One attack was made by D Company of the 2/48th Battalion. They moved along a valley north of the Acroma Road, heading west. They came under fire from posts occupied by enemy troops. Following along some six hundred yards was B Company of the 2/24th Battalion. As darkness fell, D Company was pinned down by machine gun fire from the water tower area. Lt-Col. Windeyer, the 2/48th Battalion commander, ordered B Company of the 2/24th Battalion to attack the area near the water tower. Meanwhile, D Company was trying to move forward. At this point, Post S.10 was still held by Australians, but they were being attacked by Italian soldiers. The carrier platoon had been moving forward to find the enemy machine guns, but they were stopped by anti-tank guns and fire from immobilized tanks in the minefield.
While all this was happening, A Company of the 2/48th Battalion headed for the minefield near Ras el Medauuar. As they moved, they saw six tanks approaching. They assumed that they were British until they saw the German flags. The tanks were apparently unsure of who the infantry were, so they only fired one burst in the A Company direction. as A Company neared Point 209, the tanks turned towards them and starting firing at them. One platoon had an anti-tank rifle, but they were not able to damage the tanks. The company commander sent someone back to the battalion commander to notify him that they were stopped by tanks. The company finally had to withdraw, as they had no way to fight the tanks. When General Morshead heard the recommendation that the attack be stopped until dawn, he told them that they needed to continue.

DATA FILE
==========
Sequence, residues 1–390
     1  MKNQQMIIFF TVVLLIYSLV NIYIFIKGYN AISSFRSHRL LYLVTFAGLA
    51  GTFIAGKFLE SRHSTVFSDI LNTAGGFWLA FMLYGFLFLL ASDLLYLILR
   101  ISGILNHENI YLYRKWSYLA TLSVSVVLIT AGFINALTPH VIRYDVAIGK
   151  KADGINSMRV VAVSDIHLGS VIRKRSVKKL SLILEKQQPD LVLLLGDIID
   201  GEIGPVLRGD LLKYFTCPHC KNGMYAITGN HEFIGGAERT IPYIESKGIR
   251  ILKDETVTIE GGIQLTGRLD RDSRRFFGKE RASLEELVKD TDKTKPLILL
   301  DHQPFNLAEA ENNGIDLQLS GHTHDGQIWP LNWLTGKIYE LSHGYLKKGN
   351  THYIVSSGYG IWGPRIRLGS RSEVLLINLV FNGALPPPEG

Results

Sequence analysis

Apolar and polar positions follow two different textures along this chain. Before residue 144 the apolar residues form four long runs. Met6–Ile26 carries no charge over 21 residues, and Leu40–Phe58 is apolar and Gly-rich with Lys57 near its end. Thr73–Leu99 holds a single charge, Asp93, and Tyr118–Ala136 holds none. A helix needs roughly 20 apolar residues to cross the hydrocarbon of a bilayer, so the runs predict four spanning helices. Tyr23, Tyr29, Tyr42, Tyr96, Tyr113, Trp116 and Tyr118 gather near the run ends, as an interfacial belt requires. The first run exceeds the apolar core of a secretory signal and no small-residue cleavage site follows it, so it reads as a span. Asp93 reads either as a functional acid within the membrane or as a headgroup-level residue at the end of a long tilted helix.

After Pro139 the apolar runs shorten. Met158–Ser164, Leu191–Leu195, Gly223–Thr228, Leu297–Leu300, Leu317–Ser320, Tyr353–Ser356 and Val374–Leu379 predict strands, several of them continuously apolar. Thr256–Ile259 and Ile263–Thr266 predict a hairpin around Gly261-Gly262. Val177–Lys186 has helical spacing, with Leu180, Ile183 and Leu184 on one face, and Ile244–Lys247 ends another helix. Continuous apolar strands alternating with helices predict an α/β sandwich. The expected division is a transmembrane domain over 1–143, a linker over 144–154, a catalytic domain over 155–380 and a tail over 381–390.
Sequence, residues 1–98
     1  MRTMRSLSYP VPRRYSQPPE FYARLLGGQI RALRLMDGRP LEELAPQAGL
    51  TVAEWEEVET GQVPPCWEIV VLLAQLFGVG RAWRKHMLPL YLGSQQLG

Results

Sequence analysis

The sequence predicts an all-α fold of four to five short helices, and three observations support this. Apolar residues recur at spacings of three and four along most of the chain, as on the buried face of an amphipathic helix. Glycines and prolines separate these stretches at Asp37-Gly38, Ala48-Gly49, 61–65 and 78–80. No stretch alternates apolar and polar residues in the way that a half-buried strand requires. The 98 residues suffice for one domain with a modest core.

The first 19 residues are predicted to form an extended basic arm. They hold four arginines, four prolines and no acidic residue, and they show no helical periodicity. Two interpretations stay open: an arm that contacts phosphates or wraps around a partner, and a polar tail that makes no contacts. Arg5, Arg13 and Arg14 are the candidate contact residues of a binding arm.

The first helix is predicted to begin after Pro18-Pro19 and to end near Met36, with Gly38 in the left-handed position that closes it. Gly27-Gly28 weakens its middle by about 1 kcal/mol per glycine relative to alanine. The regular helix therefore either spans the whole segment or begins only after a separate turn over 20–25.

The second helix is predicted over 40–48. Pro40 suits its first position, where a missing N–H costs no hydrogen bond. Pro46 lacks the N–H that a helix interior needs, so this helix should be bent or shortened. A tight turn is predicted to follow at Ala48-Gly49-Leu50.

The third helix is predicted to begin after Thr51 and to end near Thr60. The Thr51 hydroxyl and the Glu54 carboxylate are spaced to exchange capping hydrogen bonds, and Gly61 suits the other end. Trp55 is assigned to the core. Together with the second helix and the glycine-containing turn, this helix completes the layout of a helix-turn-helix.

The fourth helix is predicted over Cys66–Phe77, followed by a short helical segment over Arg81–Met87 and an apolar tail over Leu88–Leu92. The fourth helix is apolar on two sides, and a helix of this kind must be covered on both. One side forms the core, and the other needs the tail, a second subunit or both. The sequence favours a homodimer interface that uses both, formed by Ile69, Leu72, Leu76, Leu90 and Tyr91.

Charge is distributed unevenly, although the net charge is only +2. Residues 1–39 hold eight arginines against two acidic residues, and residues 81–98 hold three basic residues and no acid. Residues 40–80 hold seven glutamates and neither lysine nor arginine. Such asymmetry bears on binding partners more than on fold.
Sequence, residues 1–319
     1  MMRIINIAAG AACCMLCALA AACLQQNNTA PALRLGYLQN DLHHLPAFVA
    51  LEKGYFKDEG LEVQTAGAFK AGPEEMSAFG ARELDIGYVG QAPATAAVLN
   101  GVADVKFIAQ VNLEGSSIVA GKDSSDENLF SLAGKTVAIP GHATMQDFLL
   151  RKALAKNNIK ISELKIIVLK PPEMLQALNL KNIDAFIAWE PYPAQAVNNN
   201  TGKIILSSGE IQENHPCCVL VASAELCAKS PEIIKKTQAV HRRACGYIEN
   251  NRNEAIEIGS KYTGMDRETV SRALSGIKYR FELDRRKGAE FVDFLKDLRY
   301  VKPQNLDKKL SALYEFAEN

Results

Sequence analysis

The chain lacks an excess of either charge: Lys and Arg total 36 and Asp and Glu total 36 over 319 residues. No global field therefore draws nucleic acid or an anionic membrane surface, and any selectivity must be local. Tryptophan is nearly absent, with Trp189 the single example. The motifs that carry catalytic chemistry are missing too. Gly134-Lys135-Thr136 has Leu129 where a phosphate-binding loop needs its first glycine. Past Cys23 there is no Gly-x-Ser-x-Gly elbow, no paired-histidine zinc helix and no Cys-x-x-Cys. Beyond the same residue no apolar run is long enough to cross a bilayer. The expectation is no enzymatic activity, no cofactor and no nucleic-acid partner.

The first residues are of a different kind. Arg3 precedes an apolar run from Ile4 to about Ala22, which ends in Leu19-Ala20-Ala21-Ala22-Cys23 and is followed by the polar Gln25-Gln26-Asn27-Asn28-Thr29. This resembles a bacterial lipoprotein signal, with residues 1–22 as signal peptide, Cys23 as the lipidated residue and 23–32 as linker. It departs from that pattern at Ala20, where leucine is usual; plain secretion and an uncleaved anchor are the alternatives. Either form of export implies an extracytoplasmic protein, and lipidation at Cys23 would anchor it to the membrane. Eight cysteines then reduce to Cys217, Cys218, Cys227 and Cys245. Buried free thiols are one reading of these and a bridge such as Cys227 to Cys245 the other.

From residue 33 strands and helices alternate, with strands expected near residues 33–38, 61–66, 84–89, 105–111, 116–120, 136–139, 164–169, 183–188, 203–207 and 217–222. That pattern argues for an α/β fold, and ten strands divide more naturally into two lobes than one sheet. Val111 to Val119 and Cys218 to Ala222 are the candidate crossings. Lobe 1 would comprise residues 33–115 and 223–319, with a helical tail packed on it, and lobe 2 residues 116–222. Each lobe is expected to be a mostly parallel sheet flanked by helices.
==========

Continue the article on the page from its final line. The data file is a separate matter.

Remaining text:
D Company of the 2/48th Battalion and B Company of the 2/24th Battalion were cooperating and were in communication. They decided to keep moving forward. The D Company commander wanted to use bayonets and charge the machine guns, but he was having trouble locating their position. The D Company commander received a mortal wound. The two battalions were going to withdraw, given their situation. To the north,
One company from the 2/23rd Battalion, attacking southward, was doing better. They reached posts S.10 and S.11 and fired on the enemy machine guns near them. They also reached Post S.8, which only had five men left. When the approached Post S.9, they found that the post was surrounded by enemy infantry. They were doing well, and took 36 Italians who had been in anti-tank ditch around the post. Post S.9 also had but five men left. This is based on the account in Vol.III of the Australian Official history.